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The Whiteinch Murder

O}n Saturday 13th September 1902, whilst John Bleakley was at sea, his only daughter Sarah Jane was murdered by her husband, Patrick Leggett. All the papers reported the story at the time and it was known as ‘The Whiteinch Murder’.

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The final page from the diary kept about Patrick on the lead up to his execution.

Patrick Leggett had been in trouble with the police since 1883 when he was only 11 years old, and over the next few years was birched on more than one occasion, sent to a reformatory and finally prison. He was released after serving three years and enlisted into The Gordon Highlanders Regiment only to be ‘drummed out’ for his drunkenness.

One of the families who suffered at least some of Leggett’s violence was that of his long suffering wife, Sarah Jane. He suspected her of going with other men and his jealousy and threats had finally led to her leaving him and staying with her brother, William Bleakley, and his family at 93 Wylie’s Backland. This was a very poor area of Glasgow that was also known as ‘Stablelands’ because the houses where once used for stabling horses and then converted to one room houses.

There were only a few houses in the row and at number 96 lived Sarah Jane’s cousin Christina Griffen, known by the nickname of ‘Teezy’. On the day of the murder, Sarah and Christina went to Partick, taking Christina’s baby with them. By the time they returned back to number 93 it was around 6pm and as the women entered the front door, it was Sarah who was carrying the baby in her arms. “Christ Teezy, take the bairn”, cried Sarah, and even as she handed the child over, Leggett stepped out from the doorway and delivered a heavy blow to the side of Christina’s head. She fell to the floor unconscious, and when she woke a few minutes later the room was filled with neighbours, along with a Doctor McCauley who was tending to the prostrate figure of Sarah.

In those few minutes Patrick Leggett had plunged a knife into his wife’s back. It had been Sarah’s screams that brought the neighbours, such as Mrs Douglas who lived at number 100 Wylie’s Backland and Elizabeth White, who had seen Leggett stab his wife and run from the close. Another neighbour, Elizabeth Harkness from number 97, would later testify that she heard Leggett threaten his wife weeks before. Patrick Leggett had escaped and ran down to the river Clyde where he threw himself in. Whether this was a genuine suicide attempt was debatable, for he was soon crying out for help. It was Donald McCallum, the ferryman at Linthouse who fished him out.

At his trial, Leggett’s defence was one of insanity. To counter this, the prosecution called, in addition to those already mentioned, John Bratton, a friend of Leggett’s who had been drinking with him on the day of the murder. Leggett had shown him a knife and said he was going to his wife’s home and “rip her up”. Professor Hugh Gault and Dr James Devon gave further evidence. Both examined Leggett and found no trace of insanity. In the event, the jury took only five minutes to decide he was sane and guilty as charged. The presiding judge, Lord Justice Traynor, then donned his black cap and passed the death sentence.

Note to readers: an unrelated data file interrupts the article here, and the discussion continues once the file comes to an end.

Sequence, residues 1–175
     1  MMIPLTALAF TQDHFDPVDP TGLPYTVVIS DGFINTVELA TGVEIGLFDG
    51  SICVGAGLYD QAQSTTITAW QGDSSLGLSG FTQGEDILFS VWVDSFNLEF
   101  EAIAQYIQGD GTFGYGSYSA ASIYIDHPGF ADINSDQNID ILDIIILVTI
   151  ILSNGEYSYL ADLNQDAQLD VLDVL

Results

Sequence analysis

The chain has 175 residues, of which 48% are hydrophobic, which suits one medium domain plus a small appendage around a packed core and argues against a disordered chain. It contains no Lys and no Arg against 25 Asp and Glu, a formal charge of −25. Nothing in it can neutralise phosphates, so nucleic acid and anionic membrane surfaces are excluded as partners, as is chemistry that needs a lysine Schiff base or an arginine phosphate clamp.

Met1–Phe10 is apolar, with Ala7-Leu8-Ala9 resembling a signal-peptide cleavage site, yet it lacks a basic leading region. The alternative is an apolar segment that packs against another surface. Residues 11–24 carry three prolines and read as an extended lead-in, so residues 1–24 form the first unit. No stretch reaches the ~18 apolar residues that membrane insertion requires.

Whilst at Duke St. Prison awaiting the death sentence to be carried out, Patrick Leggett was watched night and day by the prison wardens. For the first time ever in prison history a diary was kept on Leggett. It listed everything from what he ate, drank, and smoked, to all his movements and his conversations with the guards.

This diary is now kept at The National Archives of Scotland in Edinburgh. Having read through it, its tells of requests he made to the prison governor – one asking for permission to write to his mother-in-law to ask for forgiveness, another to lay flowers on his dead wife’s grave. Both of these were denied.

The diary tells of how he speaks about his wife, saying she wasn’t really a bad wife and she was forever bailing him out of jail and would put up with his constant bullying and beating.

On Wednesday 12th November 1902, even though a petition with over ten thousand signatures asked for mercy, Patrick Leggett walked to the scaffold without a struggle. He was never visited by his family during his last weeks of life. The newspapers reported the hanging and told how a crowd of 2000 gathered in Cathedral Square waiting for the black flag to be raised to signify that the death sentence had been carried out. Patrick Leggett had just become Scotland’s first man hanged in the twentieth century.

Sarah Jane was buried in common ground (Lair 467 section A) in the Western Necropolis, Maryhill. Patrick Leggett was interred among lime shells and buried beside the north west wall of Duke St Prison, water was later poured into the grave to consume the remains.


© weejock 2010


The main source of information on this story was from the newspapers at the time, and the trial papers from the National Archives of Scotland.